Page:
Lapid is viewed with antagonism by many in the ultra-Orthodox community due to his efforts to end draft exemptions for yeshiva students while finance minister in the last government. Three years ago, in a similar incident, protesters burnt an effigy of Lapid during Lag B’Omer celebrations.
The incident is the latest in which ultra-Orthodox Jews have incited against members of the community who join the Israeli military. The ultra-Orthodox have also held dozens of demonstrations to protest mandatory enlistment of religious Jews, following decades in which they were allowed to avoid conscription.
In March, effigies of IDF soldiers were found hanging by the neck in prominent locations in Mea She’arim, one of which had a sign attached to it that read “hardak out,” a derogatory term for ultra-Orthodox Jews who join the army and which sounds similar to the Hebrew words for insect and germ.
Police said at the time of the incident that one of the figures was taken to a police laboratory for forensic testing and that police requested that the State Attorney’s Office open an investigation for incitement A police spokeswoman said that the investigation is ongoing and refused to comment on whether any arrests have been made.
A religious IDF soldier was also attacked last month by a mob of ultra-Orthodox Jews during a rally in support of two draft dodgers from their community who, at the end of a short furlough, were driven back to military prison in a white stretch limousine.
Dozens of protesters threw debris and shouted curses at the soldier, who was wearing a yarmulke, as hundreds chased him along a street at the Bar Ilan intersection in Jerusalem. A cellphone video of the attack showed the soldier as he was hounded by dozens of noisy demonstrators.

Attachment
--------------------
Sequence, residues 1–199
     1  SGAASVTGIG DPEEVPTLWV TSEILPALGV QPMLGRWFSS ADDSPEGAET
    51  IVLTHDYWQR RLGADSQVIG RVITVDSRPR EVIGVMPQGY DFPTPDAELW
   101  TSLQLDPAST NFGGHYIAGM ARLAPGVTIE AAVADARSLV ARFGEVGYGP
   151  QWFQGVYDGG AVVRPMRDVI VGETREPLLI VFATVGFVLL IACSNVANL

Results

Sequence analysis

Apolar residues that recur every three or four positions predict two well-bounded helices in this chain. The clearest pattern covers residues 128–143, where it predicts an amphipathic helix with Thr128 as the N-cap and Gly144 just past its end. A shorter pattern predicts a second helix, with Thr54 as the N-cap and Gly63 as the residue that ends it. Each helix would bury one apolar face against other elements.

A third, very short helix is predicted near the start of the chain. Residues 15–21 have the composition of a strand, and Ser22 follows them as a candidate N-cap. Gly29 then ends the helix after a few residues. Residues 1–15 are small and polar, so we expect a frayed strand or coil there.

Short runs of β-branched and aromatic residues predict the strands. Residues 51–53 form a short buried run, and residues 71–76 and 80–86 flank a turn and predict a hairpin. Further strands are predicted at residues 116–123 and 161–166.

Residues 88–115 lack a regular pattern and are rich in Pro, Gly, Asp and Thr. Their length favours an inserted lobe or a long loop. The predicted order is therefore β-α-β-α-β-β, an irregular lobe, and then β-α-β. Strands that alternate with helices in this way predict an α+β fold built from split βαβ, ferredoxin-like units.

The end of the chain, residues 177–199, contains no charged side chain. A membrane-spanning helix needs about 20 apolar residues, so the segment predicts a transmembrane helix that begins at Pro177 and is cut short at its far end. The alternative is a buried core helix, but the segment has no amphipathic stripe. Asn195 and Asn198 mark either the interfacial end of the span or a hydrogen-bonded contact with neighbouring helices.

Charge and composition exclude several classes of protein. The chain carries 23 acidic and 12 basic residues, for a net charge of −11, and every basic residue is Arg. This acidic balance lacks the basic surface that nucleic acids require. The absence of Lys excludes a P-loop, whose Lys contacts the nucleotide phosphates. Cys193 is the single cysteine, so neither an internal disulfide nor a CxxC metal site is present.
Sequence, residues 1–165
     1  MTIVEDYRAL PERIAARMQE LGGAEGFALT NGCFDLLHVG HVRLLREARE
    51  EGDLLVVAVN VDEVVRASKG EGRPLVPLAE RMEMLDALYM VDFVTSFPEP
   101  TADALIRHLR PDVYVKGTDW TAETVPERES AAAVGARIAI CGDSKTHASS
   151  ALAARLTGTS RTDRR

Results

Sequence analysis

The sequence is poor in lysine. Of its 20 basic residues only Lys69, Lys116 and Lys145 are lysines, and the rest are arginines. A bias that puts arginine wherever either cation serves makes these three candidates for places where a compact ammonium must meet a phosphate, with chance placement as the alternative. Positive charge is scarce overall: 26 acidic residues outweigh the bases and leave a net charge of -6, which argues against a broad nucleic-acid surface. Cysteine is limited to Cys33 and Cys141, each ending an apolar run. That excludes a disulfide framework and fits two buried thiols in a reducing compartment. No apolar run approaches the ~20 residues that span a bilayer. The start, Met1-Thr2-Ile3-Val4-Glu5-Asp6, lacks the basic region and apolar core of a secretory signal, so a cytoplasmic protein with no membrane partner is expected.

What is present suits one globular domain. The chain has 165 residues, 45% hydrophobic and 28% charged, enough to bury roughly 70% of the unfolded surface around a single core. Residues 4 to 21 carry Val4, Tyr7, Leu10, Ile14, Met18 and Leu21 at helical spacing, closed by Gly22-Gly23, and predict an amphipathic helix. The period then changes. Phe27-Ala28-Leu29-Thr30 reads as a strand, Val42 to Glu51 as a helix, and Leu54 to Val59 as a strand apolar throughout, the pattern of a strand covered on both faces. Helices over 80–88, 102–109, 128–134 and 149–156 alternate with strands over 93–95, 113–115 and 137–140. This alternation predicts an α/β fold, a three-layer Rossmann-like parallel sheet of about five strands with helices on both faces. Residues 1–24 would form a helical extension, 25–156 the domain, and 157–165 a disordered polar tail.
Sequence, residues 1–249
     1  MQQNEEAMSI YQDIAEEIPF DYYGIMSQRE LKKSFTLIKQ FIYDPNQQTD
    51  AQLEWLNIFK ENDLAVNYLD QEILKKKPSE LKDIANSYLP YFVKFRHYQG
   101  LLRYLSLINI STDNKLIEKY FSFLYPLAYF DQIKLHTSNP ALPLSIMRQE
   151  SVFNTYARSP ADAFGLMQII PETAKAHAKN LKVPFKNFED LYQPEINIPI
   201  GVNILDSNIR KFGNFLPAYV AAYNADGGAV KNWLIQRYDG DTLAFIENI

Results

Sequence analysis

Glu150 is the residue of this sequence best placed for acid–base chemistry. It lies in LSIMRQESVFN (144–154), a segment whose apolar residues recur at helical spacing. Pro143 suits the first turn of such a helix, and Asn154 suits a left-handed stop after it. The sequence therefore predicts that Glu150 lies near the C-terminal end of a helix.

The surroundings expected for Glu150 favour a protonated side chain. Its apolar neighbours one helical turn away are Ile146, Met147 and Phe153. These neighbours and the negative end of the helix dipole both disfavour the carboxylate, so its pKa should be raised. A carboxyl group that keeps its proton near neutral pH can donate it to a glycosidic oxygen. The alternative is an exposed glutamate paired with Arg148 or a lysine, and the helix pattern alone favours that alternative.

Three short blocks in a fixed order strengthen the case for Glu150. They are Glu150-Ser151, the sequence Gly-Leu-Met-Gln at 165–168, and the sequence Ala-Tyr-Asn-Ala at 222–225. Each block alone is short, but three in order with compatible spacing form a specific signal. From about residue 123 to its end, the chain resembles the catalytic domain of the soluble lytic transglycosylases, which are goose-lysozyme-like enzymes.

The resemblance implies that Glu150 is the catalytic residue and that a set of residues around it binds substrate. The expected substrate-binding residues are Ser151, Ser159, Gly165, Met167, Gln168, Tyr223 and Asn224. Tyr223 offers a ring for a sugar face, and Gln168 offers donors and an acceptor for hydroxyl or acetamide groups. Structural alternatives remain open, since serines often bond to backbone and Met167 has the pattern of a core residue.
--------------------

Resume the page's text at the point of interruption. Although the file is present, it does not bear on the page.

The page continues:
The soldier escaped unhurt from the incident.
The arrest and imprisonment of ultra-Orthodox draft dodgers has raised tensions in the community and a recent series of large demonstrations against the induction of ultra-Orthodox people into the army saw violent clashes between demonstrators and police.
Some segments of ultra-Orthodox society refuse to recognize the State of Israel and oppose Zionism, because of their belief that the establishment of a Jewish state should only come after the arrival of the Jewish Messiah. Many ultra-Orthodox Jews do not serve in the Israeli army and run their own educational system, but receive a variety of grants from the government.
Mea She’arim is a stronghold of Neturei Karta and other anti-Zionist ultra-Orthodox groups. It is not clear from the video which ultra-Orthodox sect participated in the burning. (the Times of Israel)
A New Underground Reality Is Taking Shape Along the Gaza-Israel Border
Increased pressure from Abbas could push Hamas to try to pull off a cross-border raid | Israel’s massive anti-tunnel barrier is causing Hamas to up its posts on the other side − which isn’t necessarily bad
by Amos Harel Ha’aretz
In recent weeks, Palestinian Authority President Mahmoud Abbas has been gradually ramping up the pressure on the Hamas government in the Gaza Strip. One punitive measure has followed another: ceasing to pay the tax on imported fuel, slashing salaries by one-third for 45,000 civil servants in Gaza who are still paid by the PA, ceasing to pay for Gaza’s electricity from Israel.
Israeli defense officials are still having trouble explaining the change in Abbas’ approach, given that for the past decade, ever since Hamas seized power in the Strip, he hasn’t confronted the organization directly. “The chick still hasn’t sprouted feathers,” then-Prime Minister Ariel Sharon said of Abbas in 2003. But now that the chick has turned 82, something has evidently changed.
One possible explanation is that Abbas believes Hamas will ultimately face an internal uprising – a hope shared by some Israelis. The idea is that Gazans will take to the streets, just like the Egyptians who flooded Cairo’s Tahrir Square six years ago, and bring down Gaza’s Islamist government.
So far, however, there are no signs of this happening. Last winter, when there were similar problems with the power supply, a wave of protests briefly erupted, but Hamas was able to suppress them.
This spring the picture is a bit different. The severe power shortage is mainly affecting public institutions like hospitals and schools. Many Gazans, used to disruptions in the power supply, have bought private generators. Running a generator costs a lot of money but it still might not be enough to push Gazans to the end of their rope.